Yes. Since the user is going to be chroot'd in their home directory they can use the ".ssh/authorized_keys" file. All the user would need to do is make a authorized_keys file (perms 640) with the keys already inserted. Then the user would make the ".ssh" directory (perms 700) on the server and upload the "authorized_keys" file in the ".ssh" directory. To deny the use of keys simply make the ".ssh" directory (perms 700) as root and the user will not be able to access it.

Why do you use sftp instead of scp?

Sftp has a limited shell interface like standard ftp. This allows users to log in and make changes to the directory structure like making directories and file removal.

Errors you may encounter:

"Received message too long..." and disconnection When you sftp to the server, the server reports "Received message too long 168660913" and then disconnects. The large number at the end of the error may be different. This error is reported if the server sends data, commands or errors to the client when the client is not expecting it or if the binary being called is not executable. During this setup you will see this error if the "SFTP_BINARY" path in the shell "sftpsh" is not correct. To fix:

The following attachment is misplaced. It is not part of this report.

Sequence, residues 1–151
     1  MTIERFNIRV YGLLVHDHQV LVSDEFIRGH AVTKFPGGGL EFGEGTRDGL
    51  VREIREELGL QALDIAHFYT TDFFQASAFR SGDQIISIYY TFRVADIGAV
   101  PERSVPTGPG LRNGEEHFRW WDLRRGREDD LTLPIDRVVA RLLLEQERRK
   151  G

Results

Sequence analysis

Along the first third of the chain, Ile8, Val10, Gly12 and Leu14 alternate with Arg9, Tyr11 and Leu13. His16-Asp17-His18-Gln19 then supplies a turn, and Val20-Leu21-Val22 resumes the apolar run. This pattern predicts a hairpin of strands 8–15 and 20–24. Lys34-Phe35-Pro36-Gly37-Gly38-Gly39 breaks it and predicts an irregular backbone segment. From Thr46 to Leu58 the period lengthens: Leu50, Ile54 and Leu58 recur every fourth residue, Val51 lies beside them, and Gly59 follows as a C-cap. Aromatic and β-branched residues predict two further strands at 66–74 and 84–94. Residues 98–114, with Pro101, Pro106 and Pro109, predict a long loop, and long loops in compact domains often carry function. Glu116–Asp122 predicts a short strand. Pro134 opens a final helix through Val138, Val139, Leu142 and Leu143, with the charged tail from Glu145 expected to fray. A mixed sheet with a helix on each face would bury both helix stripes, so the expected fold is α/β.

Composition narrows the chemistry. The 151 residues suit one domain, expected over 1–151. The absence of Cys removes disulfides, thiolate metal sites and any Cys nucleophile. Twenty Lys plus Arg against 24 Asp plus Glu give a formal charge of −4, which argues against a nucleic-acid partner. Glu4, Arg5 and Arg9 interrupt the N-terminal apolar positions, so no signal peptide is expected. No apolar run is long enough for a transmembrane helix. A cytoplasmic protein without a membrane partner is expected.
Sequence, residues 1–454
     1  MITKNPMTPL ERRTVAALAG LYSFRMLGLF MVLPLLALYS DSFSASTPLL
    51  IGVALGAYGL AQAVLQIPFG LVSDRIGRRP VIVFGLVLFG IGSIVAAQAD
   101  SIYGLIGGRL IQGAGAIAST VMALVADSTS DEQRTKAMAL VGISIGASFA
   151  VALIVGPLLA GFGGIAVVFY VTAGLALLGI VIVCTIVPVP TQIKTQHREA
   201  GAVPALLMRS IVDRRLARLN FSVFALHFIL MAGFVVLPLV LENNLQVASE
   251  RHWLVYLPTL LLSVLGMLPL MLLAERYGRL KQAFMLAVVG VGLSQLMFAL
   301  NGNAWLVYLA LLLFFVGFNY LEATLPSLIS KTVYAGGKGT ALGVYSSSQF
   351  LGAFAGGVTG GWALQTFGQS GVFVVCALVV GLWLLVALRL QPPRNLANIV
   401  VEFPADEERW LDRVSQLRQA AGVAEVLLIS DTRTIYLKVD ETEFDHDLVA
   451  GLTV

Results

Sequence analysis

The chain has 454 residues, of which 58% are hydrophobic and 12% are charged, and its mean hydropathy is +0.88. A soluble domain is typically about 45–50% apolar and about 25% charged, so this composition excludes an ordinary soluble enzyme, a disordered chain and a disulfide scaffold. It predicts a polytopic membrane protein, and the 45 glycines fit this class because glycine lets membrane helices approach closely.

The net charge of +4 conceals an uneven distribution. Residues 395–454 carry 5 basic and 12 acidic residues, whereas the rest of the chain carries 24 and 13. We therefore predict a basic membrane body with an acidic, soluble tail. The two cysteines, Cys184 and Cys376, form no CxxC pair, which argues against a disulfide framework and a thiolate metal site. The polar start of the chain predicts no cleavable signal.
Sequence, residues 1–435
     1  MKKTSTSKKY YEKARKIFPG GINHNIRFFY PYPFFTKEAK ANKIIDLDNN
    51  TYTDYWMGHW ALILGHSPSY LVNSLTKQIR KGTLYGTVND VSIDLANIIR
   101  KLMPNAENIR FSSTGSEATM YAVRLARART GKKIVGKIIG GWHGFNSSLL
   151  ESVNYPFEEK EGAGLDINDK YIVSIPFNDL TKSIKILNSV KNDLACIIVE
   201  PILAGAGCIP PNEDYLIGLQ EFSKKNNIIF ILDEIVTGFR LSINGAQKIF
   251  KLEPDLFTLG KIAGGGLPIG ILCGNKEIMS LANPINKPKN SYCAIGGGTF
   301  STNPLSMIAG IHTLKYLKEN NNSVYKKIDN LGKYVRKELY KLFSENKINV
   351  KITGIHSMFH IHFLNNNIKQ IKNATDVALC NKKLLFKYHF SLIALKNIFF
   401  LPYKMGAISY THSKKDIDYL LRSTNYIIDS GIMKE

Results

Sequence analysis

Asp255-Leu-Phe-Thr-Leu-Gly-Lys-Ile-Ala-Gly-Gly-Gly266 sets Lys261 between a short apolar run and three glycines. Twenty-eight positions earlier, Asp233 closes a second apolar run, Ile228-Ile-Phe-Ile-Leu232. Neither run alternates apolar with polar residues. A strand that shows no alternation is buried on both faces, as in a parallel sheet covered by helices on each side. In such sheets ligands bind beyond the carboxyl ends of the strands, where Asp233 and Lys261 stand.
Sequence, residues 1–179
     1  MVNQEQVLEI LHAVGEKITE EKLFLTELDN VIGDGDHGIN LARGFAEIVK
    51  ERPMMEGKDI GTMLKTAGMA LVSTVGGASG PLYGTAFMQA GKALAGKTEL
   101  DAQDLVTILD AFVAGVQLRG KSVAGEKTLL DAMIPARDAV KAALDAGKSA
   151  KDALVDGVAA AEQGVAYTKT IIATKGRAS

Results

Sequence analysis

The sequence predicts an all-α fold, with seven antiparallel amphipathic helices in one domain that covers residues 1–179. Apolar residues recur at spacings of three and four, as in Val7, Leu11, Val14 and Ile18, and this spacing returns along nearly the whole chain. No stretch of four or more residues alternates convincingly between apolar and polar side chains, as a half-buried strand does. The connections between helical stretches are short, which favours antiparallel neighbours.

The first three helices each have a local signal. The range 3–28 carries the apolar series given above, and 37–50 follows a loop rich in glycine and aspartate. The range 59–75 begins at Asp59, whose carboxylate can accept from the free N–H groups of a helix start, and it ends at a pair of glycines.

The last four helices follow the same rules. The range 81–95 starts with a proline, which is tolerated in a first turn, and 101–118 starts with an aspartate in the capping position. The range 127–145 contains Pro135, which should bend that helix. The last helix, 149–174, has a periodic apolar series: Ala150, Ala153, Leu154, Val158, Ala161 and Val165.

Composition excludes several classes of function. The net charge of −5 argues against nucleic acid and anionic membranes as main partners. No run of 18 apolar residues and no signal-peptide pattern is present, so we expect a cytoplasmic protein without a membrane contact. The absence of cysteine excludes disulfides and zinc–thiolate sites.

edit the shell program "sftpsh.c" set #define SFTP_BINARY "/usr/libexec/sftp-server" to the correct path recompile and install with "gcc sftpsh.c -o sftpsh;cp sftpsh /bin/sftpsh"

Special thanks to http://www.minstrel.org.uk/ for the for the ftp-server.c patch.